Discover who and why some left

Britain to build a New World.

Welcome to an original database of thousands of men, women and children who crossed the Atlantic in the 17th century, a range of records showing how and why they crossed the Atlantic and what their lives were like before they left British shores. These records provide a bridge over the Atlantic between Britain and America to trace your ancestors’ lives before they set sail.

Servants to Foreign Plantations

The demands of the New World brought a desperate need for labour and the introduction of Indentured Servants.

The founders of America devised a system of forced labour in the 17th century which would last for two centuries. Men, women and children were bought and sold like cattle and used as currency in labour and the purchase of land. They were transported across the seas in foul conditions and were lucky to arrive healthy or even alive.

The majority crossed the Atlantic as indentured servants to masters in the West Indies and the North American colonies between 1654 and 1679.

The system of Indentured Servants was based on the old British apprenticeship sytem but in this case a person had to sell themselves for two to seven years (some a lifetime). This would pay the cost of transportation to America, whether the servant wanted to go or not and at the end of that period they received land, money or tools sufficient to enable them to become settlers if they wished. Convicts were also enrolled  for 7-14 years instead of imprisonment. Also transported were non-conformist religious rebels, illegitimate children, children of the poor, deserting husbands or wives and child runaways.

Early entries give the date of enrolment, servant’s name and place of origin, master’s name, destination, term of years and conditions of service.

  • Age
  • Destination
  • Gender
  • Indenture date
  • Length of service
  • Marital status
  • Name
  • Occupation
  • Place of origin
  • Master’s name
  • Residence

Atlantic Highlights

Africans934 records
   → Named Africans listed on shipping manifests as slaves and servants.
Voyages to America 22,621 records
   → Migrants from British Isles to America.
Transported32,175 records
   → British, Irish and Africans transported under Virginia land patents.
Agents & Pioneers84,171 records
   → Recruiters and their apprentices among the first to settle in Virginia.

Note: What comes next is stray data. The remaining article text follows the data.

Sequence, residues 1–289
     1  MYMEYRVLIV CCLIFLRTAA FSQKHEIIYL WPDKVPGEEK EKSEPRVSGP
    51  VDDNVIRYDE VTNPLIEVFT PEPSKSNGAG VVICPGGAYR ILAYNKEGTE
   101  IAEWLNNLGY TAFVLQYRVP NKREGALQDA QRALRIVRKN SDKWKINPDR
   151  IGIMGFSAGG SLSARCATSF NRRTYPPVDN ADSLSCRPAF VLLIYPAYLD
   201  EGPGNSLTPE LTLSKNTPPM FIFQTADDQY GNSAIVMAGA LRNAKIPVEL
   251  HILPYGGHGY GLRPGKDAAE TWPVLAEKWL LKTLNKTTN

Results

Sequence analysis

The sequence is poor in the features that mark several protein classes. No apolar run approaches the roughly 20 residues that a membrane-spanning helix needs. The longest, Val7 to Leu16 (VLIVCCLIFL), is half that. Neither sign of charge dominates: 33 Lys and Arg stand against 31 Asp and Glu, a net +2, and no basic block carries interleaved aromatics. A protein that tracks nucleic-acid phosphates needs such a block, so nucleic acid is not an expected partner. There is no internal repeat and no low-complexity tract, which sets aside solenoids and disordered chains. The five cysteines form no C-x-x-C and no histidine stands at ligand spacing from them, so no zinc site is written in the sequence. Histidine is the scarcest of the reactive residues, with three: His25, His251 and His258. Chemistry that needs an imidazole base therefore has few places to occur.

Servants & Apprentices15,085 records
   → Servants and apprentices recruited by agents.
Servants & Slaves1,565 records
   → Servants & Slaves mentioned in Land Patents
Occupations14,881 records
   → 17th Century occupations on both sides of the Atlantic.
Migrants & Mariners9,590 records
   → Mariners and passengers crossing the Atlantic.

Discover Indentured Servants

For the very first time, to our knowledge, this whole book has been transcribed and digitised into genealogically precious data to do justice to the original endeavours. The database shows non-conformists, where they lived and how they were treated: The Establishment, Judiciary and Law and Order. Even spies and spiteful clergy…

Bristol Register of Servants

John Hunter of Churchtown near Garstang, Preston, Lancashire

Fourteen year old clerk, John Hunter, was transported in 1753 to Jamaica. There are cottages in that small village that pre-exist his journey and are still there today.

14 year old John Hunter’s Indenture
Servant NameJohn Hunter
Servant’s Place of OriginGarstang Church Town, Lancs
Servant’s Occupationclerk
Servant’s DestinationJamaica
Servant’s ShipNot shown
Servant’s Date of Indenture1 March 1753
Servant’s Gendermale
Agent’s NameJonathon Ewer
Agent’s Place of OriginLondon
Agent’s OccupationMerchant
18th Century Cottages in Churchtown

1683 Indentured Contract of John Boswell

Griggs, Cooper & Co

Voyagers on the Hopewell, 1635

Passengers on the Hopewell of London, 1 April 1635
JohnCooper163541MigrantMassachusettsHopewellLeft Olney Buckinghamshire England for Massachusetts
EdmondFarringtonEdmund163547MigrantMassachusettsHopewellLeft Olney Buckinghamshire England for Massachusetts
WilliamPurryerParryer163536MigrantMassachusettsHopewellLeft Olney Buckinghamshire England for Massachusetts
GeorgeGriggs163542MigrantMassachusettsHopewellLeft London /Lavenden Buckinghamshire for Mass.